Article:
Cross-channel marketing must be done strategically if at all. It can be incredibly beneficial when it comes to reaching a variety of demographics as well as people in various phases of the buyer's journey. You also want to ensure brand consistency across channels. But if you're tempted to reuse the same content on multiple channels, just don't. It's better to use one channel well than to use several non-strategically.
Authenticity and Timing
Wealthsimple, an automated investing platform, did a good job of using cross-channel marketing when trying to capture the attention of the 30-ish urban millennial crowd. Their hashtag, #investingforhumans, was a simple way to take the fear out of first-time investors who probably were tempted to use the AI-based platform to try out initial investments. Using a range of platforms, they based their campaigns on key points from real life interviews. Then they shared the money stories in an honest, real-life video that was shared both on TV and across various channels.
This focus on authenticity was no doubt behind their massive success on YouTube, with one video hitting 1.8 million views and thousands of views per interview on Instagram.
Make It Visual and Action-Oriented
The classic banana brand, Chiquita, used the last solar eclipse to put a quirky spin on one of its recent marketing campaigns, proving the importance of aligning your campaigns with events that are both newsworthy and meaningful. A simple Twitter video to show the banana sun and used this idea to share gifs and even a real-life banana that was unveiled the day before the eclipse in New York. The result was thousands of new followers on Twitter, millions of hits on the videos, and a massive boost in engagement.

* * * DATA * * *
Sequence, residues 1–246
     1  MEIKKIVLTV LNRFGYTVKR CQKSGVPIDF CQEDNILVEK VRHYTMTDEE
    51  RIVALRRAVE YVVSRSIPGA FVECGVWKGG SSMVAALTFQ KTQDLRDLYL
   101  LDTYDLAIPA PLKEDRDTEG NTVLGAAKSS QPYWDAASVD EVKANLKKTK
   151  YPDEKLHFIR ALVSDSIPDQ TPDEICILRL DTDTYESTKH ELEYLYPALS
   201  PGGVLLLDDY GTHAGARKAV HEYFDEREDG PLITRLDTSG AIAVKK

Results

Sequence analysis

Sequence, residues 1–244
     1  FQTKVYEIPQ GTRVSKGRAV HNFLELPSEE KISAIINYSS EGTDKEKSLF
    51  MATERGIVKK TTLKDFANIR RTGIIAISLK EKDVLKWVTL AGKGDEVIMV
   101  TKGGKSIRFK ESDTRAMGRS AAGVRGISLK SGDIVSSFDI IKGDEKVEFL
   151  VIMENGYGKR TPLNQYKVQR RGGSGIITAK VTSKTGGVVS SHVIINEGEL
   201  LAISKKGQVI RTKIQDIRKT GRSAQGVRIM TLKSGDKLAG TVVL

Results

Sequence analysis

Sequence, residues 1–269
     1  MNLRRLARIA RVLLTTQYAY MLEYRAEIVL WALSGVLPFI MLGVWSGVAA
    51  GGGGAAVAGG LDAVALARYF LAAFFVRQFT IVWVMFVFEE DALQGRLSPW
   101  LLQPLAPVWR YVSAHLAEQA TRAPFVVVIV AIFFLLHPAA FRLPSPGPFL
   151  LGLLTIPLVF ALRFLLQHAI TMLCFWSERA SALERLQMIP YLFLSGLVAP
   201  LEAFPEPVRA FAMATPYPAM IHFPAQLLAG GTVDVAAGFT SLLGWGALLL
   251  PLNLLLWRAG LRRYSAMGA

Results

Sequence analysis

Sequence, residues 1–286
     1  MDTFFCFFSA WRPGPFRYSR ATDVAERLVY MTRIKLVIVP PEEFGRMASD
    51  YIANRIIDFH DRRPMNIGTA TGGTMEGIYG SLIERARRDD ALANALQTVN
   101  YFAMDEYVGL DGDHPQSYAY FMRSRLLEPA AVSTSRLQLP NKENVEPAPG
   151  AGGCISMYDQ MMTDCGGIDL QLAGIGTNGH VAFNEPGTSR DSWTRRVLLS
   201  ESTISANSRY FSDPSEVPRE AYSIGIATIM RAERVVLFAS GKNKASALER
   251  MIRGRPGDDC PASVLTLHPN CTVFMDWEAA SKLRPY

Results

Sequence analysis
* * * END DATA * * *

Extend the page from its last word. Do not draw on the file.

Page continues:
The home and hardware store Lowe’s (alongside BBDO New York) ended up winning several industry awards via a campaign that used a strategic combination of visual content across platforms like Instagram, Vine, and Snapchat to appeal to the budget-focused, DIY set. They used unique hashtags (#hypermade #LowesFlipSide #LowesFixInSix) to highlight various video series relevant to the DIY "fix it" series, which featured people using their products for DIY jobs.